As the preceding passage shows, there is a melancholy eloquence to The Hotel Years. Joseph Brodsky believed that there was a poem on every page Roth wrote. Although this may be an exaggeration, it does not seem unfounded — even when reading Roth in translation. For this, much praise is owed to the prodigiously talented poet, critic, and translator Michael Hofmann. Without him, the reader of English would hardly know Roth at all. The Hotel Years is the 14th of Roth’s books that he has translated. (Among the others are The Radetzky March, commonly considered Roth’s masterpiece, and Joseph Roth: A Life in Letters, a significant work of scholarship that serves as an essential companion to all of Roth’s other writing.) Hofmann’s commentary is insightful and especially helpful in establishing a context for Roth’s life and work. In the introduction to What I Saw — a collection of feuilletons written in Berlin during the years of the Weimar Republic, and the first book of Roth’s journalism to be published in English — Hofmann describes Roth as “a maximalist of the short form.” In these reports from Berlin, as in the pieces collected in The Hotel Years, “What is small is inevitably made to seem vast, and vast things are shrunk into a witty perspective.”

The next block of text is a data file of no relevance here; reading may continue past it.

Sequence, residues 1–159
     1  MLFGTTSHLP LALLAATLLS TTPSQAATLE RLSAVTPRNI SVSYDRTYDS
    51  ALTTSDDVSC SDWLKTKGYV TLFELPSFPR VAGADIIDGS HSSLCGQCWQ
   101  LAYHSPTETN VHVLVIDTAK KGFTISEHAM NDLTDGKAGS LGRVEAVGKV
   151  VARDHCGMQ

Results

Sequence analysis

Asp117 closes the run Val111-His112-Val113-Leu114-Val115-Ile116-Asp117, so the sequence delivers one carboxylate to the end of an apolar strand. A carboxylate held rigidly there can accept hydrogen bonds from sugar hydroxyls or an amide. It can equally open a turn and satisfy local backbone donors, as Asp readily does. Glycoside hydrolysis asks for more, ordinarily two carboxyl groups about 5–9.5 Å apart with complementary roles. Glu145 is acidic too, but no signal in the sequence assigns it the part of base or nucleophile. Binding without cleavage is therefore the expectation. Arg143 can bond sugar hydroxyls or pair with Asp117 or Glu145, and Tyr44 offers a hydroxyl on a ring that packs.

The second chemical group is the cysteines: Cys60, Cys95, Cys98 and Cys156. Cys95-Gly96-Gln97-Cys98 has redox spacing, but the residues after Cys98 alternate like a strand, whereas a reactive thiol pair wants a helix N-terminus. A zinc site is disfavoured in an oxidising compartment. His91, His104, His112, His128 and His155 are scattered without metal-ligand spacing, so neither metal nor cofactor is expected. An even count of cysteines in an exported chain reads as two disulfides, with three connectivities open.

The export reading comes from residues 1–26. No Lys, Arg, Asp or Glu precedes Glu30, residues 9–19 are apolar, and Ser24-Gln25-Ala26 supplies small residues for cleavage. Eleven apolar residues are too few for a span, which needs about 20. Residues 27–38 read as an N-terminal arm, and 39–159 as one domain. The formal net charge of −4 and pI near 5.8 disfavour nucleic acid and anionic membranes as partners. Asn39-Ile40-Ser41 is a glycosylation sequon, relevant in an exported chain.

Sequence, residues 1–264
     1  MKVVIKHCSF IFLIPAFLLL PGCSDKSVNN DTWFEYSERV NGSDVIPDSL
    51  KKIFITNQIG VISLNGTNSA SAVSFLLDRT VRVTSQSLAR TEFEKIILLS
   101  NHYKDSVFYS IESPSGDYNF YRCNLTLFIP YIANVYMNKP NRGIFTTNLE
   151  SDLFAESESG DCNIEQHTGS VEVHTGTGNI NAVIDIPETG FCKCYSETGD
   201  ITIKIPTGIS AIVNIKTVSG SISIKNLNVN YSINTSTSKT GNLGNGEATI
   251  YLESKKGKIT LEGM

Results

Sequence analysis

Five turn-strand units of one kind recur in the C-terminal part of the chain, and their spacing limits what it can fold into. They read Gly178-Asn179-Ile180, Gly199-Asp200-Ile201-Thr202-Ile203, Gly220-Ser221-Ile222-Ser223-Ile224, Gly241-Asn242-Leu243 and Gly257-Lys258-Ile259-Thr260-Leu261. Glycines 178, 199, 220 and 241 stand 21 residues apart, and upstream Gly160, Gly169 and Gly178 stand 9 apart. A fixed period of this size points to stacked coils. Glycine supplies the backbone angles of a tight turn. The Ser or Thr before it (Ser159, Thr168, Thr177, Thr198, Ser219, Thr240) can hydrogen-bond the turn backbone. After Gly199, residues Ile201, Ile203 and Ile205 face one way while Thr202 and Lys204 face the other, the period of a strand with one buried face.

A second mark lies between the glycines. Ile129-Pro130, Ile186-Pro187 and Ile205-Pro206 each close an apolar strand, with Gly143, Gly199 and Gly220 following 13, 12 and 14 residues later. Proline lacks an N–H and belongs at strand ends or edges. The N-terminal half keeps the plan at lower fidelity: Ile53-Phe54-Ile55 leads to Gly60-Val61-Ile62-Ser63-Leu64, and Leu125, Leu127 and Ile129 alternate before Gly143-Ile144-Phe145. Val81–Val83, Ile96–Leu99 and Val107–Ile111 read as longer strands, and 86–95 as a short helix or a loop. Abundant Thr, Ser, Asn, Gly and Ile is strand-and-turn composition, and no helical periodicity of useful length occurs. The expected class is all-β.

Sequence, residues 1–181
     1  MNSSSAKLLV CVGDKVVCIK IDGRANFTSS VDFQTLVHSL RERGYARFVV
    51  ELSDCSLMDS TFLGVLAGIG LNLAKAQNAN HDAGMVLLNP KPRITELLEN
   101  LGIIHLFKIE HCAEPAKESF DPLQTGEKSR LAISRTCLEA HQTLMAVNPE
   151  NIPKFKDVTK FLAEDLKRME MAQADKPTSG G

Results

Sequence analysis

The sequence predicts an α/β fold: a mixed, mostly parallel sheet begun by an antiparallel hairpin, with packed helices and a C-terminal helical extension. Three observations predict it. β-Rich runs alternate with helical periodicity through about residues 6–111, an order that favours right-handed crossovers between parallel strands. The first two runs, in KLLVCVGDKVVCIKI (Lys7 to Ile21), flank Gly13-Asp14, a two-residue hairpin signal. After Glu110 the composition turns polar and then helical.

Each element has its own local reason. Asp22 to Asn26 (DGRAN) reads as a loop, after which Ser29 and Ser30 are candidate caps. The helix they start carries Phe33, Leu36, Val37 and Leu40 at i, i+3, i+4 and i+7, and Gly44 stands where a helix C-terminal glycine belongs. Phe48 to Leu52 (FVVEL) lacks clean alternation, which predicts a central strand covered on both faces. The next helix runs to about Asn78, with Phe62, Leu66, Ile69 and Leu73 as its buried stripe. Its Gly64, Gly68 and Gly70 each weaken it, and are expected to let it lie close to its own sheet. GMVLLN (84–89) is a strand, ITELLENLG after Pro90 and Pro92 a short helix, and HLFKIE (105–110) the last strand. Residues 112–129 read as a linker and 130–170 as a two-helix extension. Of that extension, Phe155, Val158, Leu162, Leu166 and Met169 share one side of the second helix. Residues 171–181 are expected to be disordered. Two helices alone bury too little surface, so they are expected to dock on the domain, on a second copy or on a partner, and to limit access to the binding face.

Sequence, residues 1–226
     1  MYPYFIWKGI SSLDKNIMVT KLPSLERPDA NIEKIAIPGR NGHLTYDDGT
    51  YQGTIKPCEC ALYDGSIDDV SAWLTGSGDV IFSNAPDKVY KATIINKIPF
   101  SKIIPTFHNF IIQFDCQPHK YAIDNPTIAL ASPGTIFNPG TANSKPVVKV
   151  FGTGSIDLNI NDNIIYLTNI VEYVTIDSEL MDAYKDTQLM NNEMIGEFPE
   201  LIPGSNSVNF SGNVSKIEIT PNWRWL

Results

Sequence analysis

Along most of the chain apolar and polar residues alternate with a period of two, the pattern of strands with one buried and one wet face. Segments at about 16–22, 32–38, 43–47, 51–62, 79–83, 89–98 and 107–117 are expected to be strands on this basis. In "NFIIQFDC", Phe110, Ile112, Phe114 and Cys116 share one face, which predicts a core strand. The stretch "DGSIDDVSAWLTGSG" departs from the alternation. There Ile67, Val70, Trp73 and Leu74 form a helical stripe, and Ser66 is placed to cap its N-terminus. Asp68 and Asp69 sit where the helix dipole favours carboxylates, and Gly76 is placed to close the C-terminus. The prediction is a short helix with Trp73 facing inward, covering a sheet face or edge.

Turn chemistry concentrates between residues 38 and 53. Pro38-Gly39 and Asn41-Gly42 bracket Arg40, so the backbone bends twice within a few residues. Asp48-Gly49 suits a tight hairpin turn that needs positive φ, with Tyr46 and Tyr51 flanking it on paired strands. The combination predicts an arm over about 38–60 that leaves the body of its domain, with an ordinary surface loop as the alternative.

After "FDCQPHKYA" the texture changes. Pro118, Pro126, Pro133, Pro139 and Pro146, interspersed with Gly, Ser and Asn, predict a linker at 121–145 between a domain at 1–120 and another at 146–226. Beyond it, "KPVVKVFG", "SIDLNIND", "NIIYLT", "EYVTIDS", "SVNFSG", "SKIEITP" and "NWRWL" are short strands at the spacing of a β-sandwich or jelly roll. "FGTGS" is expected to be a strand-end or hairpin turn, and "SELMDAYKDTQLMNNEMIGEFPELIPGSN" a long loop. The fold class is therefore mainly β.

For Roth, writing was not merely a way to make a living, it was a way of life. When the Nazis came to power in Germany in 1933, he left the country and never returned. “Very few observers anywhere in the world seem to have understood what the Third Reich’s burning of books, the expulsion of Jewish writers, and all its other crazy assaults on the intellect actually mean,” he wrote at the time. “Let me say it loud and clear: The European mind is capitulating. It is capitulating out of weakness, out of sloth, out of apathy, out of lack of imagination…” Six years later, at the age of 44, Roth died in Paris from the effects of alcoholism. It is frustrating to think of what he might have written had he lived longer, but not because the body of work that he left behind is lacking. As the present publication of The Hotel Years proves, much of Roth’s writing has been neglected. Although he has come to be remembered mostly for his novels, his journalism is equally as impressive.